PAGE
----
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what is in cbd

CBD is commonly used to address anxiety, and for patients who suffer through the misery of insomnia, studies suggest that CBD may help with both falling asleep and staying asleep.

CBD is readily obtainable in most parts of the United States, though its exact legal status is in flux. All 50 states have laws legalizing CBD with varying degrees of restriction, and while the federal government still considers CBD in the same class as marijuana, it doesn’t habitually enforce against it. In December 2015, the FDA eased the regulatory requirements to allow researchers to conduct CBD trials. Currently, many people obtain CBD online without a medical cannabis license. The government’s position on CBD is confusing, and depends in part on whether the CBD comes from hemp or marijuana. The legality of CBD is expected to change, as there is currently bipartisan consensus in Congress to make the hemp crop legal which would, for all intents and purposes, make CBD difficult to prohibit.

The evidence for cannabidiol health benefits

Side effects of CBD include nausea, fatigue and irritability. CBD can increase the level in your blood of the blood thinner coumadin, and it can raise levels of certain other medications in your blood by the exact same mechanism that grapefruit juice does. A significant safety concern with CBD is that it is primarily marketed and sold as a supplement, not a medication. Currently, the FDA does not regulate the safety and purity of dietary supplements. So, you cannot know for sure that the product you buy has active ingredients at the dose listed on the label. In addition, the product may contain other (unknown) elements. We also don’t know the most effective therapeutic dose of CBD for any particular medical condition.

Some CBD manufacturers have come under government scrutiny for wild, indefensible claims, such that CBD is a cure-all for cancer, which it is not. We need more research but CBD may be prove to be an option for managing anxiety, insomnia, and chronic pain. Without sufficient high-quality evidence in human studies we can’t pinpoint effective doses, and because CBD is currently is mostly available as an unregulated supplement, it’s difficult to know exactly what you are getting. If you decide to try CBD, talk with your doctor — if for no other reason than to make sure it won’t affect other medications you are taking.

CBD has been touted for a wide variety of health issues, but the strongest scientific evidence is for its effectiveness in treating some of the cruelest childhood epilepsy syndromes, such as Dravet syndrome and Lennox-Gastaut syndrome (LGS), which typically don’t respond to antiseizure medications. In numerous studies, CBD was able to reduce the number of seizures, and, in some cases, it was able to stop them altogether. Videos of the effects of CBD on these children and their seizures are readily available on the Internet for viewing, and they are quite striking. Recently the FDA approved the first ever cannabis-derived medicine for these conditions, Epidiolex, which contains CBD.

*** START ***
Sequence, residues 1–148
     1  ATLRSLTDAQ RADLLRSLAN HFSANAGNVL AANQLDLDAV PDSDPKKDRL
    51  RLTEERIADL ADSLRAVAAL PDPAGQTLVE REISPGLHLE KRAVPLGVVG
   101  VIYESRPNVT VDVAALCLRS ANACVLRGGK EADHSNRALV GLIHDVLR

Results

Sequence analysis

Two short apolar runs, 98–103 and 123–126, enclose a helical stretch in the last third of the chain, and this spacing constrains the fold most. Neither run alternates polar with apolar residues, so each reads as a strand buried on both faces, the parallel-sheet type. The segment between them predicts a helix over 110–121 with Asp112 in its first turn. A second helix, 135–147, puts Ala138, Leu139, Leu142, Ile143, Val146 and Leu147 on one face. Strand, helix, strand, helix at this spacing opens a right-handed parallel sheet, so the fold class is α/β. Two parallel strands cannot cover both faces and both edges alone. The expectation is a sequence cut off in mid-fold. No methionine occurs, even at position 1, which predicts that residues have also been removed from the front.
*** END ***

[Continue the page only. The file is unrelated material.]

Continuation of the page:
You can find CBD products in shopping malls, convenience stores, even coffee shops in many states right now. But when in doubt, natural grocers are a safe brick-and-mortar place to buy CBD, Beatty says. "Typically they have a vetting process that does some of the legwork for you."

That same 2018 Farm Bill means you can now travel between states with legit CBD products. "Flying with CBD should pose no issues now," Parrish says. However, if you're traveling with a tincture, be mindful of TSA limits on how much liquid you can carry on an airplane, she adds. (You can also mail CBD products, just like "companies that comply with the Bill can ship their hemp-derived CBD products anywhere in the U.S.," Parrish notes.)

You've probably heard the terms cannabis, marijuana, and hemp all tossed around in relation to CBD. The plant Cannabis sativa has two primary species, hemp and marijuana. Both contain CBD, but there's a much higher percentage in hemp, which also has very low (less than 0.3%) levels of THC compared to marijuana.

Are there additional ingredients in there?

It should not, as long as you're buying third-party tested CBD with no added THC, says Dr. Chin. But she does point out that athletes, who often are required to take drug tests that are more sensitive, "could potentially test positive" for trace amounts of THC if they've been using CBD products.

There's no question that CBD is the buzzy wellness product of the moment. If you live in a state where it's currently legal, you might feel like CBD has gone from being sort of around to absolutely everywhere all at once. Coffee shops sell CBD lattes, spas offer CBD facials, beauty companies are rushing to release lotions with CBD or hemp oils in their formulas. And everyone from your anxious coworker to your arthritis-suffering dad wants to get their hands on some CBD gummies.

There are two main types of pain, Dr. Danesh says: musculoskeletal and nerve. "There could be benefit for both conditions," he says.

Figuring out how much you should take is challenging as well; the dosage that alleviates one patient's pain might do very little for someone else. "And until we can study it, it's the wild west," Dr. Danesh says.